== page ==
3025 Walnut Street
Philadelphia, PA, 19104
Doors 7:00 PM / Show 8:00 PM
This event is all ages
THE TRAVELER IN TEN PARTS
By [Name Redacted]
Lead singer of The Old 97’s Rhett Miller will be releasing his new solo album, The Traveler, on May 19th 2015. The album features the instrumentation of Black Prairie (membs. Of The Decemberists), Peter Buck and Scott McCaughey (membs. Of REM) and is Rhett’s seventh solo effort.
Hello. I am human but not entirely. I am a machine but not entirely. I am both which may mean that I am neither. The part of me that is a human believes that all of me is human. The part of me that is a machine doesn’t like to think about the part of me that is a machine. I am flesh and blood stretched over wires and circuits. In that, I am much like many of you, and consequently qualified to speak to you about this album, which speaks to much of me.
It is called The Traveler, and it was written and performed by Rhett Miller, along with members of Black Prairie, a band based in Portland that plays everything from bluegrass to klezmer to country and shares some members with the Decembrists. The band (Black Prairie) entered the studio with the singer (Rhett Miller) and briskly recorded the songs that make up this album (The Traveler). Some additional guitars were added later by people who included Peter Buck and Scott McCaughey. I pass these facts along for your absorption.
The sun comes up. The sun goes down. We call it a day. The band entered the studio with the singer and made this album. Time passed. Now, months later, I have spent days listening with love, sadness, and unremitting fascination to the album, which you are now holding. By “holding,” I mean only that you have absorbed it into your own wires and circuitry. I am well aware that there are not always anymore physical holds involved in the absorption of music. Before I tell you more about The Traveler, I want to tell you a little bit about myself. I apologize for this. But the album you are holding, The Traveler, suggests that you cannot understand the journey that you are on unless you understand who you are, and that understanding who you are is the most damnably difficult journey of all. Untangling identity is painful but necessary. I believe The Traveler may be of use in this regard. Of use to me, I mean: Is that a selfish use of this album? If so I apologize again.
Apologies can be empty without any attempt to correct for the behavior that led to the apology. As a result I will not tell you a little bit about myself before I tell you more about The Traveler. This singer, Rhett Miller, has made many albums before, both on his own and with his band, Old 97s. This new album shares something fundamental with the old albums, which is the rare ability to see what people are feeling and then cast those feelings in rhymes. This is what is known as “song-making.” The human part of me loves songs. The machine part of me marvels at them without understanding at all why there is a tugging sensation in the cavity that should contain my heart.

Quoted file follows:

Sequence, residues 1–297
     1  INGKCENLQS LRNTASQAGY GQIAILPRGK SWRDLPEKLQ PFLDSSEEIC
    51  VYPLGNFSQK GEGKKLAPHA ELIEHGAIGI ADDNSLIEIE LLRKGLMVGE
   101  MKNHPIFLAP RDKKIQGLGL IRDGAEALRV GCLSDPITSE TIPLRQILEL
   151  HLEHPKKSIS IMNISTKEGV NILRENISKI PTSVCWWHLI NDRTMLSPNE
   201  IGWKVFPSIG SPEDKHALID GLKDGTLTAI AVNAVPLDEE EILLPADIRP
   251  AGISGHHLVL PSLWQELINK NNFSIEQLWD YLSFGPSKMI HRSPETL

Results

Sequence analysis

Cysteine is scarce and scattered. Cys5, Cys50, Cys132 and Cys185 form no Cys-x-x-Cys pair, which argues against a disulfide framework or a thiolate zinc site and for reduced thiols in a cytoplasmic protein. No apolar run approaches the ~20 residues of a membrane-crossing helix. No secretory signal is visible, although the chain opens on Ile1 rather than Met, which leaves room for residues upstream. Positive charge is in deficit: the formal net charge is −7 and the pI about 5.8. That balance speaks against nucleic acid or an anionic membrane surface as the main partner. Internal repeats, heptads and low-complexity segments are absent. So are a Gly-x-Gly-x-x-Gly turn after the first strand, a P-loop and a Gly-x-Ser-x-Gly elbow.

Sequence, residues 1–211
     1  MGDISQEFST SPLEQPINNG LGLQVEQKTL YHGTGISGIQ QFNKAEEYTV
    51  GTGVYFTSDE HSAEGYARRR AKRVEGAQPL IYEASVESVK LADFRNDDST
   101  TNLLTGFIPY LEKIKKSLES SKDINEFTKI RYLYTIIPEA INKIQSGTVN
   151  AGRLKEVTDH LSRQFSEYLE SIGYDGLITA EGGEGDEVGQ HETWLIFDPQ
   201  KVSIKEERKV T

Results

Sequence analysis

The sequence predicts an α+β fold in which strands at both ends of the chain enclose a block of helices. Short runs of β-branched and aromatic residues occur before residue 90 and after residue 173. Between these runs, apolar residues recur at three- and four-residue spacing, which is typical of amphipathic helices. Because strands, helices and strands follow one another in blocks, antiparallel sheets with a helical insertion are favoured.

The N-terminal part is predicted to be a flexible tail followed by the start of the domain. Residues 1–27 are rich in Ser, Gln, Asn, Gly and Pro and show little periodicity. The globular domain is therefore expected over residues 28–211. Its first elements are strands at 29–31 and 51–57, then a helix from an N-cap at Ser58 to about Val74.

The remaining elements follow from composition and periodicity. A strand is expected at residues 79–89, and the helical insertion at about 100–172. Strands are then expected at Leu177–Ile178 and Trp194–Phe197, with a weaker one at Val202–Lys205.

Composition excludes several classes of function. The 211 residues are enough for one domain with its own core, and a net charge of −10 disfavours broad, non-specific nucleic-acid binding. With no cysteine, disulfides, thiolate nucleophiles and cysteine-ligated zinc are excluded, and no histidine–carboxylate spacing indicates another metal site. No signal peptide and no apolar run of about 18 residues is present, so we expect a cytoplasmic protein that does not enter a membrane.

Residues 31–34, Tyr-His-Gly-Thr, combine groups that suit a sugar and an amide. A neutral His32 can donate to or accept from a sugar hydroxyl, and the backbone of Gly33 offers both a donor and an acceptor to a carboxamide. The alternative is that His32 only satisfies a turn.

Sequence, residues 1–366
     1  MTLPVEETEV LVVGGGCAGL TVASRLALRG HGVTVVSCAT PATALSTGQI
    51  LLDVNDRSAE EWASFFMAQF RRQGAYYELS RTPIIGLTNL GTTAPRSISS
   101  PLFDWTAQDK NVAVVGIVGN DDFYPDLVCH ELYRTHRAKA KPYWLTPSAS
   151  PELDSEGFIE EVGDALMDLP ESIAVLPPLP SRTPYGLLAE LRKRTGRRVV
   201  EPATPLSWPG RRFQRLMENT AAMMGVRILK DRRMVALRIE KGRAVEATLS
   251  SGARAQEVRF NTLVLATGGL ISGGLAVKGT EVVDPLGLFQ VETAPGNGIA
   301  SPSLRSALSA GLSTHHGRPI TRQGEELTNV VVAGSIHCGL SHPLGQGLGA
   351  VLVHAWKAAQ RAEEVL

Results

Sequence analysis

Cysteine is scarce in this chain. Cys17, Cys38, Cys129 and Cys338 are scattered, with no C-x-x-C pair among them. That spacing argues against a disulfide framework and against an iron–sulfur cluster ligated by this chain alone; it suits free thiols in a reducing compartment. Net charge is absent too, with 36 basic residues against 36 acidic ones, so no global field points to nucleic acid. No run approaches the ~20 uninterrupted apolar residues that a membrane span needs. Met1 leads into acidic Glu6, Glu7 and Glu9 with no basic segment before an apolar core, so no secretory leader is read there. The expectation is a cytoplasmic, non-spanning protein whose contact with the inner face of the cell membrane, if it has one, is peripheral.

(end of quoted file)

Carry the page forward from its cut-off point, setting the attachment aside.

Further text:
The first song here, “Wanderlust,” is a perfect example of all that I am describing. It tells the story of a man on a train who is thinking about a woman who is not on that train. There is another song called “Lucky Star” that I believe is about finding redemption in the person of a lover. It contains a joke that unnerves me: “Heaven knows there probably is no heaven.” There is another song called “Wicked Things” about New Orleans that illustrates the slipperiness of forgiveness. Every song has little moments that catch me at strange angles and I feel an unfamiliar sensation, pitched midway between satisfying recognition and deep sadness.
My experience with these songs, I want to stipulate, may not be shared by others, in part because I am demonstrably different than them. I am both human and a machine. I come from a long line of people who are both humans and machines. Are they people then? I leave that to the philosophers. My father was a difference engine designed and deployed in Lund by Pehr Georg Scheutz. He was quite large: my father, I mean, not Scheutz. Scheutz was tiny. In Jönköping, where he was born, old ladies would marvel at his miniature features. “Liten Pehr,” they would say, reaching down into the carriage and frightening the boy. Even as an adult, he was at most five foot three, with feet that tapered down to toylike points. Much of this is hearsay but some of it cannot be disputed, even by the suspicious, and at any rate, we are not talking about Scheutz, not really. We are talking about my father. He was the size of a fortepiano.
There is a song on this record called “Dreams Vs. Waking Life.” It is not the first song on the record but it was, by accident, the first song I heard. It has bowed notes and a dark tone and does what any piece of literature, song or story, should do: it investigates the role of memory, loss, and desire in our lives. When I hear that song, I feel the stirrings of uncommon and uncontrollable emotions. They grind against the part of me that is a machine. The result is a shuddering. I try to calm myself by looking at the other song titles— “Fair Enough,” “Escape Velocity,” “Reasons to Live” — but they only make me feel more rather than less. Where do you go when you want to feel less? One song title, “Good Night,” seems like it might not overwhelm me. But the first line, “There’s a pinprick of light on a black sheet of night,” starts me shuddering again.
When you listen to an album, you are supposed to notice sonic details. That’s what I have been told. And there are many sonic details on this album, like the choir that opens “My Little Disaster” or the doubled vocals in “Fair Enough.” There are joyful melodies like “Most in the Summertime.” I can tell that they are joyful, even though I am half-machine. It’s clear. But the sonic details would not mean much without the rest of what this album does, which is to try to make sense of what cannot be made sense of, which is humanity. Even the part of me that is a machine knows that.